After a 40-year long career that has seen Bill O’Connell excel as a leader, soloist, arranger, musical director, and accompanist for some of the most celebrated names in jazz and Latin music, Bill O’Connell can lay claim to a track record of challenging and artistic-diverse triumphs that few of his peers can match. As a recording artist, his 13 dates as a leader have drawn universal critical acclaim while his talents as a pianist and arranger have been tapped by a diverse range of noted soloists to elevate their sessions. Today, as both a respected educator and leader of The Latin Jazz All-Stars, O’Connell’s professional life brims with new opportunities to express and fulfill his singular music vision.
Born in New York City on August 22, 1953, O’Connell studied classical piano at the Oberlin Conservatory of Music. On his return to New York, the young pianist was drawn to the Latin jazz and salsa scene that was flowering in the city in the 1970s. He joined Cuban conga player and bandleader Mongo Santamaria’s Latin jazz group in 1977 as a keyboardist, arranger, and composer. His time with Santamaria resulted in the first of O’Connell’s many recordings on two LPs for the Vaya label.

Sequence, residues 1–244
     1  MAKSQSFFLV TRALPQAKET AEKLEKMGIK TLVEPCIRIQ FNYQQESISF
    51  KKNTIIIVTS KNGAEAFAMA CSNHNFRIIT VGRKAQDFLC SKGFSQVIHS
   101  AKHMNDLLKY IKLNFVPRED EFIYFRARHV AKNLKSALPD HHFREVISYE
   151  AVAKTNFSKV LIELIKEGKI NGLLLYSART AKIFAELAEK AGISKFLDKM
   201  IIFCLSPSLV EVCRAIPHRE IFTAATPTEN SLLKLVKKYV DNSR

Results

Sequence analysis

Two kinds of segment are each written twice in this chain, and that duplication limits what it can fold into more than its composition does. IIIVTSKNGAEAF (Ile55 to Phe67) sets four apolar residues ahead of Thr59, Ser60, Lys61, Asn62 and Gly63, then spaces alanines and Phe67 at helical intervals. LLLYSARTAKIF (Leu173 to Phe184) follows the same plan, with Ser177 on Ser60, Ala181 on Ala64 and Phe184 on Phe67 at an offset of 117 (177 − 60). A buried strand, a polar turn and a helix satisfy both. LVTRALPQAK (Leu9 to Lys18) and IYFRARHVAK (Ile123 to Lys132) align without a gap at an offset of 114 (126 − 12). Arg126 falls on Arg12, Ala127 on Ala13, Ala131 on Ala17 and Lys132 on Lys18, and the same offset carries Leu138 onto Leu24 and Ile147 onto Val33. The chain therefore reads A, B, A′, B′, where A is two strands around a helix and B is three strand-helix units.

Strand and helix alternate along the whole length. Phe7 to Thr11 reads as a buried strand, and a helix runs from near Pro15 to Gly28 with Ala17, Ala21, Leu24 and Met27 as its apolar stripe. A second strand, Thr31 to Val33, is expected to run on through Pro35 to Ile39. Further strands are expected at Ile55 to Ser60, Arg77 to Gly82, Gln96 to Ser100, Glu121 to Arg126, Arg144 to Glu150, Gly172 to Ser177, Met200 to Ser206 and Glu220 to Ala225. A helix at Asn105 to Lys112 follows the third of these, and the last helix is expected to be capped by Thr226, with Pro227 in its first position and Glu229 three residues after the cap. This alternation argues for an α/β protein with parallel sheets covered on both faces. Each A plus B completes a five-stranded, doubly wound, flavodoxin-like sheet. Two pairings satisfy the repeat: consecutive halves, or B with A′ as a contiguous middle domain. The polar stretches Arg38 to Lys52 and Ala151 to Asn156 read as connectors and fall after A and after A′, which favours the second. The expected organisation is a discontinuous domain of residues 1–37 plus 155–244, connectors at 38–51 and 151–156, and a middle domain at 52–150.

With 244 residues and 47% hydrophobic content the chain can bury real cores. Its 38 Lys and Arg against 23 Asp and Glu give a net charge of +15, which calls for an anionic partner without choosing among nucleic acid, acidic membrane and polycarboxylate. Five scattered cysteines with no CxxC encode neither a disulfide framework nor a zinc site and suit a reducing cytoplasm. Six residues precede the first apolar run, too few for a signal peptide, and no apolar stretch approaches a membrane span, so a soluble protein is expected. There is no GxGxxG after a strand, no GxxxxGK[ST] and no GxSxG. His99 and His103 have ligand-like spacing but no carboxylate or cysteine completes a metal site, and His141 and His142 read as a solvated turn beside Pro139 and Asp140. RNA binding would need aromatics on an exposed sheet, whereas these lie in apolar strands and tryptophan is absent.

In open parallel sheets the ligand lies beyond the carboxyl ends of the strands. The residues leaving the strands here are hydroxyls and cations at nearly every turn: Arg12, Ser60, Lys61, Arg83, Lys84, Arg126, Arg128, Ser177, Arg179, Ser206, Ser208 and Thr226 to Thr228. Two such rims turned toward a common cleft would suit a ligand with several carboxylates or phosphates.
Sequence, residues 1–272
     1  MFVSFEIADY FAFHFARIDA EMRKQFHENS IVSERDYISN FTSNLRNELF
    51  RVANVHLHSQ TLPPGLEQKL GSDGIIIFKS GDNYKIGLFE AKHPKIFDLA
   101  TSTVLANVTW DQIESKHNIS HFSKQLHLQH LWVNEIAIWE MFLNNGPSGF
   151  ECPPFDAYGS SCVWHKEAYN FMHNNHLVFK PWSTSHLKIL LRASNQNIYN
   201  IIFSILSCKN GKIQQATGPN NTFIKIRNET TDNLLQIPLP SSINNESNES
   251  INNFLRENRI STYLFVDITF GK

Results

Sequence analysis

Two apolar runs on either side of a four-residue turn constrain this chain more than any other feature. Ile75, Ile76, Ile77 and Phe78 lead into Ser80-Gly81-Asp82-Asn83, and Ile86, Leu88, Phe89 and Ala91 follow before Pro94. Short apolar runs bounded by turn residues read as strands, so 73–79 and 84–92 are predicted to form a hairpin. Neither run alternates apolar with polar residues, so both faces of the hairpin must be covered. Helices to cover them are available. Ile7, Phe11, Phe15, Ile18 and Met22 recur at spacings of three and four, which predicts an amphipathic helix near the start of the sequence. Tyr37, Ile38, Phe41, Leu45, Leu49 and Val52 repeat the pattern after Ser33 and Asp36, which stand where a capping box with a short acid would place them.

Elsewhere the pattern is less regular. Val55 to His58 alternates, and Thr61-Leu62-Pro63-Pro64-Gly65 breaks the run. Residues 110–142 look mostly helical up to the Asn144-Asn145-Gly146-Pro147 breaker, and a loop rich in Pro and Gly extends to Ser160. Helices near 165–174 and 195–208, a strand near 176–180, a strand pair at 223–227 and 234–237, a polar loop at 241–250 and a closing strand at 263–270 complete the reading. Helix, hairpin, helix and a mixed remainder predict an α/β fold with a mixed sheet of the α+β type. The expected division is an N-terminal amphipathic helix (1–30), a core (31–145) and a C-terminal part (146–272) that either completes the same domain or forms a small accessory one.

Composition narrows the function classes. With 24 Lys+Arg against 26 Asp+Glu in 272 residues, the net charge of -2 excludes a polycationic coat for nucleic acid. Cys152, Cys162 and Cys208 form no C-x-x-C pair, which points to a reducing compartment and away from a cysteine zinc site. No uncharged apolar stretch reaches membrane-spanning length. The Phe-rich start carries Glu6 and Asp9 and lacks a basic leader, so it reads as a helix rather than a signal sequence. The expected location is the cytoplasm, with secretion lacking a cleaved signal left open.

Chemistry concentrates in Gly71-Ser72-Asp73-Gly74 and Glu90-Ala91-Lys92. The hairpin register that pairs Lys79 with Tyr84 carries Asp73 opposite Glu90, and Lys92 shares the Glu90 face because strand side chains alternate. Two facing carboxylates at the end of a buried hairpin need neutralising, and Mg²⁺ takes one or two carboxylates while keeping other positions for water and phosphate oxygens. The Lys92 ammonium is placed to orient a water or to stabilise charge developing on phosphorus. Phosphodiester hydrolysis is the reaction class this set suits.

Although he was well established as an in-demand keyboardist and arranger on the Latin music circuit, O’Connell didn’t forsake his interest in straight-ahead jazz, landing engagements with such hallowed improvisers as Sonny Rollins, Chet Baker, Gato Barbieri, and Emily Remler. As a sideman, he recorded four albums with bassist Charles Fambrough and others with singers Jon Lucien, Janet Lawson, and Nnenna Freelon. Other rewarding engagements included working with vocalists Kenny Rankin and Astrud Gilberto, The Fort Apache Band, and trombonist Papo Vázquez.
Shortly after recording his first album as a leader, Searching, in 1978 for the Inner City Records label, O’Connell began a long association in 1984 as keyboardist, arranger, and music director for popular flautist Dave Valentín. He maintained a strong friendship and close working relationship with Valentín through the release of 15 albums, culminating in 2011 with the flute legend’s final recording, Pure Imagination, for HighNote Records.
O’Connell resumed his recording career as a leader with his latest album “Change Is Gonna Come”.